11. He began what became a series of confrontations and charges of persecution. In March 1957, while he was still in Korea, an OER rating officer noted that "he is developing a well-defined 'persecution complex' where he thinks some officers make up and report 'stories' to discredit him and other officers are 'too nosey' about his personal affairs." Plaintiff accused the rating officer of prejudice. The investigating officer found no prejudice or bias; plaintiff, he said, made the charges "in a highly agitated state of mind." Plaintiff was given a new assignment.

12, In January 1958, plaintiff received an official reprimand for having entertained a woman at the Bachelor Officer's Quarters. An OER for the six-month period ending January 31, 1958, spoke of the incident as showing a lack of judgment, and also spoke of a persecution complex. Following the reprimand, plaintiff was removed from counterintelligence duties because of the incident and his impending marriage. Plaintiff accused his commanding officer of bias and wrote a letter to the Inspector General and Judge Advocate which an OER thereafter described as "a vindictive and self-admitted effort to bring embarrassment upon this organization and its commanding officer." The endorsing officer said that plaintiff lacked maturity, judgment and common sense, and suffered a persecution complex. Shortly after this incident, plaintiff's commander ordered him to submit to a psychiatric examination.

13 In February 1958, plaintiff spent five days in the neuropsychiatric ward at the U.S. Army hospital in Tokyo. The examining psychiatrist, Dr. Carl L. McGahee, recorded that the patient "emphasized that he had no problem which merited psychiatric attention." Dr. McGahee found plaintiff to be "quite guarded in his projective responses. However, there was no evidence of a thinking disorder of neurotic or psychotic proportions." Dr. McGahee concluded that plaintiff is "so far free from mental defect, disease and derangement," and that there was no medical reason why plaintiff should not be disciplined or separated from the Army. He recommended plaintiff's return to duty on February 18, 1958.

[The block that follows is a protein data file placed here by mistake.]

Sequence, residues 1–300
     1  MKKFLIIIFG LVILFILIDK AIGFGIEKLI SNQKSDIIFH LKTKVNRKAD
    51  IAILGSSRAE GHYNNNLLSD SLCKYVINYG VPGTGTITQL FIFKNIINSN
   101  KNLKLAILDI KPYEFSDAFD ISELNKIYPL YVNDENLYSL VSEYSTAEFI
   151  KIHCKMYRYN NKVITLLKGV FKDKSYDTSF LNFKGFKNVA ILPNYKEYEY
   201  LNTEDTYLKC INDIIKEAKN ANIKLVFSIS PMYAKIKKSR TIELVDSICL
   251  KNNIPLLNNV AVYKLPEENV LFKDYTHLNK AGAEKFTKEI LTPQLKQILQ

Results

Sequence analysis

14. An OER for February 1958 contained a flat recommendation that plaintiff be discharged from the Army because of "certain trends of character and conduct brought sharply into focus during recent months." The criticism focused on plaintiff's charges against his seniors following his reprimand; the endorsing officer wrote: "Captain Nagell lacks maturity, judgment and common sense; apparently he has been unable to adjust himself to the requirements expected of a Captain of the United States Army." These charges were also described by another superior officer as "malicious, unfounded, and further indication of his unsuitability as an officer in the United States Army."

Nagell got married and moved back to the United States in July of 1958 when he took command of an infantry basic training company at Fort Dix in New Jersey. For the first three months, his reviews were glowing but within a year he was again exhibiting a loss of temper and an obnoxious attitude. Nagell resigned in August 1958 and was given an honorable discharge on October 29, 1959.